I am not a conspiracy theory kind of guy, but why the sudden noise about skype's insecure desgin using the http protocol to work over NAT at the same time that Microsoft and Cisco find a way for SIP to work "securely" over NAT?

    Call me paranoid but I find this very weird!
    • Hate replying to myself just wanted to add this:

      Last week, Microsoft purchased media-streams.com to add VoIP capabilities to its applications and servers. The acquisition fits in with Microsoft's plan to integrate e-mail, IM, SMS, voice and conferencing services. In August, Microsoft bought Teleo, a developer of VoIP, PSTN termination and click-to-call technology, which can be used to bring VoIP to the IM space.

      So the obvious next plant would be to get rid of skype, no?
  • by ivi (126837) on Sunday November 13, 2005 @05:43AM (#14019395)

      OK, so Skype ISN'T OSS...

      So, where'is the best OSS counterpart to Skype?

      And [for us] where's something, preferably OSS,
      that does IM & VoIP as well as Skype on a closed LAN?

      We don't want to lose INTRA-office voice & text contact
      whenever the Internet is unavailable or bandwidth to it
      is low (eg, in Australia's Outback, & we DON'T want to
      pay high Satellite rates to get what we want here ;-)

      What are our options?

      TIA
    • by Anonymous Coward
      Look at SIP.

      You can buy proper phone handsets, or use softphones. You use a product like Asterix to link things together like Skype's server do.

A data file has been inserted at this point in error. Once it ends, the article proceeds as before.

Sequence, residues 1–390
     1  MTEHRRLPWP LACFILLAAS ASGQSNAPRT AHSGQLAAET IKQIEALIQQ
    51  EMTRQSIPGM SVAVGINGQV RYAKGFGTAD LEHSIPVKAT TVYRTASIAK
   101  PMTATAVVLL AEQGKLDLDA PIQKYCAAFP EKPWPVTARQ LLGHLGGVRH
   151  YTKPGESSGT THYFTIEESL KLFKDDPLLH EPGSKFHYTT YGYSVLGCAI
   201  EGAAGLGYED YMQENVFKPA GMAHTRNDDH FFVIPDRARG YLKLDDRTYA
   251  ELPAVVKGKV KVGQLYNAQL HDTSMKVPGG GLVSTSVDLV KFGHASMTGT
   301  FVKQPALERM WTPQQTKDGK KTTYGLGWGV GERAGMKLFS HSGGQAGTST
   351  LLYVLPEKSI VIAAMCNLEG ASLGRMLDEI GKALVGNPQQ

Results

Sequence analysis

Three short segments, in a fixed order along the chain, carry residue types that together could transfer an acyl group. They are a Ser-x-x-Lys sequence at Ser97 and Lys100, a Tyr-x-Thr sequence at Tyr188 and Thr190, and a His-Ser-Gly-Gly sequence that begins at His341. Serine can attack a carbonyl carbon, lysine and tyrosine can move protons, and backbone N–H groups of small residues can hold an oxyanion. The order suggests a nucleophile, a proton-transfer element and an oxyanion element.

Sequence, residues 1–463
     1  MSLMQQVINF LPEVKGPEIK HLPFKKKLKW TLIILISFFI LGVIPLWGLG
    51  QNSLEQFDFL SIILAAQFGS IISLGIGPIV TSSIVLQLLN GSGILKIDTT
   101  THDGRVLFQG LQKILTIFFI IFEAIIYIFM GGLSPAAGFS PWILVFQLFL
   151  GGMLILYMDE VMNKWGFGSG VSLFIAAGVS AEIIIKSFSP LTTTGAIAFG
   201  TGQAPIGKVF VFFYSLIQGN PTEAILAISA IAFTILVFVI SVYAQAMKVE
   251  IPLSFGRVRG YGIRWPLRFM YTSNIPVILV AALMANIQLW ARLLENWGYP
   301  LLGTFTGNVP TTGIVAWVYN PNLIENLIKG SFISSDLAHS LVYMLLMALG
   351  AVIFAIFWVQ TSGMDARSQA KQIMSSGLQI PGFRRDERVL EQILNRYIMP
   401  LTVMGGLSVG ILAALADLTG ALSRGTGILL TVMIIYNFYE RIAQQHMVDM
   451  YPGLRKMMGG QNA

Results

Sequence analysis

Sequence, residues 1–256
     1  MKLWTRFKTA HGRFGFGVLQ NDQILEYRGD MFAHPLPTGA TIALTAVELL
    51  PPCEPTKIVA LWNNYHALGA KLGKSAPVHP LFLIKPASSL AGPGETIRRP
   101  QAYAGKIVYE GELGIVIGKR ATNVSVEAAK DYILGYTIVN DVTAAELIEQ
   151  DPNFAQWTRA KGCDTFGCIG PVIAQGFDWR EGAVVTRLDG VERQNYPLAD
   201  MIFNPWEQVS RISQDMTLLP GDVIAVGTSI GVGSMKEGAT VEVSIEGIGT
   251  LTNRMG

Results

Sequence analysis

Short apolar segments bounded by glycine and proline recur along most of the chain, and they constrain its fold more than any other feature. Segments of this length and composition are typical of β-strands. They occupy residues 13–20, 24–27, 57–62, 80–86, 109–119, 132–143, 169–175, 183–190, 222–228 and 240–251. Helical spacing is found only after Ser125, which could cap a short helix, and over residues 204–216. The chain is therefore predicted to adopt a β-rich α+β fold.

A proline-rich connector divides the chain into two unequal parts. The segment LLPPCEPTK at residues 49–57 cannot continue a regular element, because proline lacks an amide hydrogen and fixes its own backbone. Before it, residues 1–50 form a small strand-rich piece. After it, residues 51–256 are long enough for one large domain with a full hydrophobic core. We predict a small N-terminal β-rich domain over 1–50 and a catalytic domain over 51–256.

Again, look at SIP
    • Anonymous Coward mentions SIP and Asterisk. SIP is the emerging standard for VOIP, designed by Internet type people as a followon to the older H.323, which looks too much like ugly ISDN telco standards. Asterisk is a popular SIP-based PBX implementation, and there are other open-source SIP systems as well. Pulver.com's Free World Dialup is another good source of information. But there's a lot of legacy H.323 as well, and most of the Cisco gear runs a Cisco-proprietary/prestandard protocol called "Skinny
    • http://www.gizmoproject.com/ [gizmoproject.com]

      It's not very Off topic anyway.

      They made World standard SIP protocol distributed in an open source way.

      Support is plain amazing, they replied to my crash report (which _I_ included my mail) in 20 minutes which shocked me.

      I wonder if /. geeks have Kazaa installed in their machines as it's coming from same company? Right, eBay purchased them, code is still same, closed source.

      A funny fact which I can't stand without saying is, I wanted to make sure Skype is coming from Kazaa, not i
  • Think About it (Score:3, Interesting)

    by Anonymous Coward on Sunday November 13, 2005 @05:56AM (#14019419)
    As a network administrator the idea of Skype being used for business purposes is a problem where this use is required to traverse the firewall.

    Why ?

    Well, I (and probably many others) operate major firewalls on the basis of 'anything not explicitly permitted is denied'. Skype is a concern, because due to the closed source nature of the product and the absence of any independant reliable auditing I cannot say with any assurance exactly what Skype is capable of.

    Yes - I have read the manual, but there is no reason to believe that what the documentation provided states is the complete story.

    The next position you would responsibly take is that you accept the use of Skype, but manage it appropriately, preferably within a security policy (human readable paper) that end users read and agree to. The idea here is that you educate and inform your users of whatever risks there are, and do the best you can to manage those risks.